Dr. Annie Answers: Preparing for the Worst to Enjoy the Best

Last January, the hubs and I were super lucky enough to live the parenting dream and getaway to Hawaii for a long weekend.Our good friends from college were getting married on the beautiful North Shore of Oahu. The kids were happily being spoiled with the grandparents and we were sipping mai tais by the pool at Turtle Bay resort.

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We enjoyed a leisurely dinner, we slept the whole night through – literally feeling like the luckiest parents on the planet. On the morning of the wedding, we were spending a lazy morning drinking coffee in bed when this came through on my phone:

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Jeremiah’s response was, “Are you sure it’s not a drill?”. At which point I hysterically screeched, “IT LITERALLY SAYS ‘THIS IS NOT A DRILL!!!!!!!!!!'”. I jumped up, threw on some clothes and dashed for the door while Jeremiah grabbed our backpack with wallets and we took off to seek shelter. The hotel staff were freaking out and had no idea where to send us but I remembered there was a basement level hallway down by the pool so I shouted for people to follow us and we ran down there.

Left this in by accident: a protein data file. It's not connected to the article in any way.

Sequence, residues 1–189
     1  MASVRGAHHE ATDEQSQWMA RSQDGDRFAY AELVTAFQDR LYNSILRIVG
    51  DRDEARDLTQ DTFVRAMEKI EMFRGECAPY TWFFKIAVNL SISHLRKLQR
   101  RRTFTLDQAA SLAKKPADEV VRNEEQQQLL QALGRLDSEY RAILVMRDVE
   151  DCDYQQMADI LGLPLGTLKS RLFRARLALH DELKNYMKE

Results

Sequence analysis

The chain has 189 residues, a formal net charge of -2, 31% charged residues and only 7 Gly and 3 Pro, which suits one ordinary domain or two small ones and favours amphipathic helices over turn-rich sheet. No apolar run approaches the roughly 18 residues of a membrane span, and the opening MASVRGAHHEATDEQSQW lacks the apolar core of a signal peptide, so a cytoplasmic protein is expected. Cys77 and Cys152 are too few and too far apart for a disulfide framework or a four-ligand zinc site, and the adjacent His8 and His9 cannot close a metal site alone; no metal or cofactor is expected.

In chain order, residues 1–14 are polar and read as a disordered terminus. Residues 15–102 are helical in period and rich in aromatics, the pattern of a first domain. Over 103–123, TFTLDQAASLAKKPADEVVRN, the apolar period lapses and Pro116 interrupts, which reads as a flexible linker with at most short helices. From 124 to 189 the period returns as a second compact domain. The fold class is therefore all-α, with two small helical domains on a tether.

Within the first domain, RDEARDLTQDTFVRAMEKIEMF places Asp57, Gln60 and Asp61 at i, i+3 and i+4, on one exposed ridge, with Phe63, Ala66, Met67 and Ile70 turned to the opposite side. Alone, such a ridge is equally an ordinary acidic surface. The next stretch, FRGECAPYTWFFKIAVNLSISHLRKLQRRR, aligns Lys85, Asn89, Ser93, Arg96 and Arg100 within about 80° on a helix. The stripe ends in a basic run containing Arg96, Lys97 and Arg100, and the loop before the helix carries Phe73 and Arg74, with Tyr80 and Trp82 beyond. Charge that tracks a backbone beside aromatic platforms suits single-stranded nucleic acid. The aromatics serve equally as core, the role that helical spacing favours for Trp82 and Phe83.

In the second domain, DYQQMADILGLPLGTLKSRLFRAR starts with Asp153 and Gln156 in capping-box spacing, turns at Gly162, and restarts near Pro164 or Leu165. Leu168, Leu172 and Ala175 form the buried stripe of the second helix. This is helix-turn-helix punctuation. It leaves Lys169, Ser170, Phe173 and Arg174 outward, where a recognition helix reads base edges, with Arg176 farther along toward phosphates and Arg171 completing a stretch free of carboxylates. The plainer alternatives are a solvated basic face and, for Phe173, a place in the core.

As it hit me that we might be on our last 12 minutes on the planet, I was thankful for 2 things. One, we had a beautiful life together already. Two, I knew our daughters would be in good hands. We were able to send a quick text to my brother and his wife that we might be taken out by an incoming missile as well as to the grandparents and know that our little girls would be taken care of forever. You see, I had planned for this before we left. …well, not the ballistic missile specifically, but an in-case-we-are-both-taken-out-and can’t-care-for-the-kids plan, and communicated this to all important parties. Otherwise, this horrifically stressful moment would have been even worse.

We, rather belatedly actually, made an estate plan and formalized it on paper after baby #2 came along and parenting got real (Christiana is probably cringing reading that we didn’t do it before then). Do you have one? Chances are you don’t… Not sure where to start? My brilliant niece (who’s older than me… we have a crazy big family) has started a family law firm, Prunty Law, PLLC and just wrote her inaugural blog post about exactly this! She’s also a smart mama herself.